A few months ago, I came across what I now consider my favourite magazine of all time, Art Africa. Before we go any further, I have a disclaimer to make: I am obsessed with Africa. In what my friend has termed my ‘falling in love with Africa for REAL’, I have been diligent in searching for any and everything that keeps me updated on all progress in the art scene of our continent. Art Africa in that regard has proven golden for me.
It is not everyday that you find a WHOLE magazine dedicated to the celebration of Africa in its entirety. My new obsession has even led to some of my loved ones serving as ‘blessers’ to aid my ailing student budget in my quest to afford this newfound necessity. Without giving too many spoilers (go buy the magazine for yourself. You’re welcome!), I would like to share a few lessons I have learnt from these magazines.
The global South sorely needs to develop its own art scene
Previously, African and Asian art has been at the mercy of the global North. When Europe and America decide that our art is good and trendy enough, art from the global South suddenly experiences a boom. While this has been appreciated by the artists who get international exposure, this model has proven unsustainable for a number of reasons. For starters, this has meant that artists from the global South are at the mercy of their global Northern managers. Should the managers deem their art ‘unpalatable’ to the audience in their countries, the artist has had to alter their art to make it more appealing in those respective countries. As you can imagine, this forces artist to cheapen their art so as to appeal to this audience, thereby corrupting the authenticity of their work. Furthermore, leaving artists from the global South to be at the mercy of the global North has also meant an unpredictability in the ability of artists to actually make a living from their work. In a continent like Africa for instance, with a rich history of art serving as a tool in our quest for liberation, this degradation of the value of art is both heartbreaking and unwise.
Whose art is it anyways?
For the longest time, art- particularly paintings- has been designated to belong to the ‘elite’ in our society. To reopen dialogue and take back its place in society, art needs to reclaim the position of belonging to everyone and to no one. It needs to confront us, be part of our everyday and not merely be relegated to galleries.
While galleries have a huge role in our society, art in Africa desperately needs to come alive once again, be it in the form of street art, public displays etc., art needs to become one with the people again.
The crucial role of storytelling is one Africa desperately needs as we confront what it means to be African and part of the global community. African artists have the unique & important opportunity of engaging all people from different walks of life on issues that while already defined in other parts of the world, we are still grappling with. Artists can shape and direct conversations in a progressive and challenging manner. This however, all begins with asking who the art is made for and who the artist is actually reaching and engaging.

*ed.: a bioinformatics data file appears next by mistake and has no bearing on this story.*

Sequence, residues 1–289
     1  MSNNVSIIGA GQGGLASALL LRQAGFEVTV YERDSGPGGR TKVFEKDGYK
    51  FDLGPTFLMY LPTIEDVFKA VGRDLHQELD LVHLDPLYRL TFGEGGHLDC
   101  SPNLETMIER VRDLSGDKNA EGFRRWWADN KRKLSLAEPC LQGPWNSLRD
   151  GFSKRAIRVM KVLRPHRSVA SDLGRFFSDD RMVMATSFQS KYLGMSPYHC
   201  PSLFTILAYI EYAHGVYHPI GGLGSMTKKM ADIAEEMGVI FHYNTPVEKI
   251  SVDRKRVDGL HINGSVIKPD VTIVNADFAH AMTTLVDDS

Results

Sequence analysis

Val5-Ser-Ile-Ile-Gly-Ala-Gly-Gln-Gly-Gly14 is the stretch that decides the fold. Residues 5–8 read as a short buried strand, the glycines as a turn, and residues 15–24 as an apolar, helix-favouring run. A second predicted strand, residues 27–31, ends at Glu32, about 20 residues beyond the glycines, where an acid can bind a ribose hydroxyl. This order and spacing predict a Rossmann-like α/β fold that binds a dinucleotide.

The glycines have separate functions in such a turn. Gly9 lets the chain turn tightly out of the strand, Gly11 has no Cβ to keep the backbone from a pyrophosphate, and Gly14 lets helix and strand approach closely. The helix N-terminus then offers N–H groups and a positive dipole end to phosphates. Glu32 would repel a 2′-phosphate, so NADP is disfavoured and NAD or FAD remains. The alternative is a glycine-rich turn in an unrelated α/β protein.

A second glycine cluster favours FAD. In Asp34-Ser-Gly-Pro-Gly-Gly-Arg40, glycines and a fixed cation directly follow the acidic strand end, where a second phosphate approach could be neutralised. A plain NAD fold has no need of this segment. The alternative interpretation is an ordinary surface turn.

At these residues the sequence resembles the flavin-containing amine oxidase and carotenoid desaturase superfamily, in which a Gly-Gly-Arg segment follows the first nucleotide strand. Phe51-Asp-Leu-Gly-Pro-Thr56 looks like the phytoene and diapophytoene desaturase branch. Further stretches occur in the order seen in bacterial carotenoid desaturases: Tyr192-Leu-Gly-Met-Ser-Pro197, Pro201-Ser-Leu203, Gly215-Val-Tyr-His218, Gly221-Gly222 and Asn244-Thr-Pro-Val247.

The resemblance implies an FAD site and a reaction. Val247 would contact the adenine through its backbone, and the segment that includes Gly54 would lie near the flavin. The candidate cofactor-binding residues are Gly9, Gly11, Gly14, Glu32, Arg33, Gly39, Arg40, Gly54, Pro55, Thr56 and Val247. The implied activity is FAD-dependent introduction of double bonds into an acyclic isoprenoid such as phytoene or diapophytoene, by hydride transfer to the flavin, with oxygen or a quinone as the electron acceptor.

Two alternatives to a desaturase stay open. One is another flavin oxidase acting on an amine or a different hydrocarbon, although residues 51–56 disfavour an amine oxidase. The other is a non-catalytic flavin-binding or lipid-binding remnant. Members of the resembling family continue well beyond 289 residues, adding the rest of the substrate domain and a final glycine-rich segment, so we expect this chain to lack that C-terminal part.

One of the biggest challenges for African artists is the lack of support from the continent. A development of world-class stories coming from our continent is not merely the responsibility of artist, it is everyone’s problem. It affects us all because it is our stories that the artists are telling and it is in our interest to ensure that these stories are told well. Furthermore, a yearning for authenticity in storytelling from the public will encourage artists not to merely mimic foreign artists but to tell their local stories. To enable them to do this, an intentional and long-term investment in African art is necessary. This is where businesses and government come in. It is imperative that these parties support art initiatives that enable artists to produce decent work. The role of the rest of us will be to support and engage with these initiatives in whatever manner possible. This group collective is the only way I foresee us winning in art.
Recently, while walking to work, I was struck by a few graffiti paintings that I had always seen but never really engaged with. So I took the time to pause and really engage with the work in front of me. In a startling manner, the weight of this art both moved & challenged me. It is not just the talent of the artists & the time and effort I imagine it took them to make their work that struck me but also how the art pieces force you to confront the realities of the country we live in. This one picture in particular, plastered at an entrance to town forces everyone who actually pauses and looks at it to think about the reality of black women in a country and a world that does not celebrate them.
The picture of a woman with a baby on her back, pointing you to a certain direction is big and intrusive; you cannot escape it. It forces you to think about the struggles of black women in a world that refuses to recognize them and their resolve to overcome.
This picture has come to be a daily disturbance on my way to work. Everyday, it commands my attention to the plight of black women. It has taught me that everywhere you look, if you look hard enough, chances are that you will find art and beauty.
By Frank(ie) Talk
Frank(ie) Talk is a Development Finance Masters student at the University of Cape Town. When she is not making bracelets at Relate, you’ll find her at some coffee shop in Cape Town reading or theorizing about the World.
Photos: Frank(ie) Talk